Can fitness equipment for a corporation be deducted?
By John R Mott | November 5, 2011
My wife and I are physicians in Alberta and are employed by our joint professional corporation. Is there a way the corporation could deduct the expense for fitness equipment (to be used by ourselves and two more employees)?
John R Mott answered:
This is one of those gray area issues. Canada Revenue Agency (CRA) has published an opinion that fitness club membership fees are not a taxable benefit where the membership was principally for the employer's advantage rather than the employee's. For example, if you could successfully argue that your employees need to set an example for your patients by being fit, the fitness equipment could be depreciated as an expense of your practice and you would not be required to report a taxable benefit on their annual T4 slips. I think it is reasonable to equate fitness equipment to a fitness club.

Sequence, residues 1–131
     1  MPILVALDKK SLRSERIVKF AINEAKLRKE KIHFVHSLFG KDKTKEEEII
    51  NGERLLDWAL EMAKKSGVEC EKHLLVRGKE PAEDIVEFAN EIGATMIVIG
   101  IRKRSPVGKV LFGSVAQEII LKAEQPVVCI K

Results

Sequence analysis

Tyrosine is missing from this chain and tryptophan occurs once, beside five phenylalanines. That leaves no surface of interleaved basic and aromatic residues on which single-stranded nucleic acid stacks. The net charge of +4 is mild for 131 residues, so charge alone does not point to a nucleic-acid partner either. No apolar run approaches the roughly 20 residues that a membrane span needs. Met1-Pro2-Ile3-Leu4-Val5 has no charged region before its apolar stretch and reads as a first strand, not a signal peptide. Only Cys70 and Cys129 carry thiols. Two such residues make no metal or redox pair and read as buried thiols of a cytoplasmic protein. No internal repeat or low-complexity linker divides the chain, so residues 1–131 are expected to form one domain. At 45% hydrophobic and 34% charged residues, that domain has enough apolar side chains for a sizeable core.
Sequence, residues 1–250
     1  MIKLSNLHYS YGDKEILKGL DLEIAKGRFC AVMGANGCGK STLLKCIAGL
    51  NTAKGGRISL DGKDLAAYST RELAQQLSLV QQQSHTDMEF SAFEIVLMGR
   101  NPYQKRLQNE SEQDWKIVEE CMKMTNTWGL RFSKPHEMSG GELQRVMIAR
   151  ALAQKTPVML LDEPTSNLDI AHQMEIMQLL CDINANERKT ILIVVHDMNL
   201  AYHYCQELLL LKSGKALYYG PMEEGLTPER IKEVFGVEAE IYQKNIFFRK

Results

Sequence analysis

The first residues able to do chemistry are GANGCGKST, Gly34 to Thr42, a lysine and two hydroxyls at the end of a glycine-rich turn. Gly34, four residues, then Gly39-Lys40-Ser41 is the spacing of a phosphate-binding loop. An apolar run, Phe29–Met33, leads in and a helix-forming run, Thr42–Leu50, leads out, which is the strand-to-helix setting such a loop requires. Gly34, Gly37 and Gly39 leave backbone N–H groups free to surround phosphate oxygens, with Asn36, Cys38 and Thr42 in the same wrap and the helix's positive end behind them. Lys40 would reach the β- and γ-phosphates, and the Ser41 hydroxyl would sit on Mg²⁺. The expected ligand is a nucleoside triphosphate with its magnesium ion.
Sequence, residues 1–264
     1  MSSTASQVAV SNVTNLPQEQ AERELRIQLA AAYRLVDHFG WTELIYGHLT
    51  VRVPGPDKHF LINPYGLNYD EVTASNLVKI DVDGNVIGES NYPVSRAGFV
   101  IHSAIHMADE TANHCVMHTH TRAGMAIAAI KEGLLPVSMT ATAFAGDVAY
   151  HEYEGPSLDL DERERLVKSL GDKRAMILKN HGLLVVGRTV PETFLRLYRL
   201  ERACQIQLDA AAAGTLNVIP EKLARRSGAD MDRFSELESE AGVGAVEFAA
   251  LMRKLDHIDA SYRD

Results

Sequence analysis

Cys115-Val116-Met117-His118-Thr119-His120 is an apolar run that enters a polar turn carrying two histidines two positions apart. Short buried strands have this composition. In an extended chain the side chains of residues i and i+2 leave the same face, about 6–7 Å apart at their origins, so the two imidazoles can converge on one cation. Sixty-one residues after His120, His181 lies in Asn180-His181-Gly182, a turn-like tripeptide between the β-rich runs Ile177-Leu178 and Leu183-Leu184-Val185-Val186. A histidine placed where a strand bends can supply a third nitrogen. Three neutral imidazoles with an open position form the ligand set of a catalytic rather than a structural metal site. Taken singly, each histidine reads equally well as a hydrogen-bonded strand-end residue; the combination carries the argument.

If that was the end of the story, that would be great. Even though you and your wife would be considered employees of your professional corporation, I think it is entirely possible, however, that CRA could find that you and your wife received a benefit qua shareholder, rather than qua employee. They would argue, for example, that personal physical fitness is principally a personal expense, not a business expense and that you used corporate funds for personal use. You could be denied a deduction in the corporation, assessed a taxable benefit or both.
I think how you proceed should depend mainly on your tolerance for risk. If you need to be squeaky clean with the tax authorities in order to sleep at night, then don't do it. However, if you are of the view that nothing ventured is nothing gained, then go for it. As explained above, you certainly have a defensible position.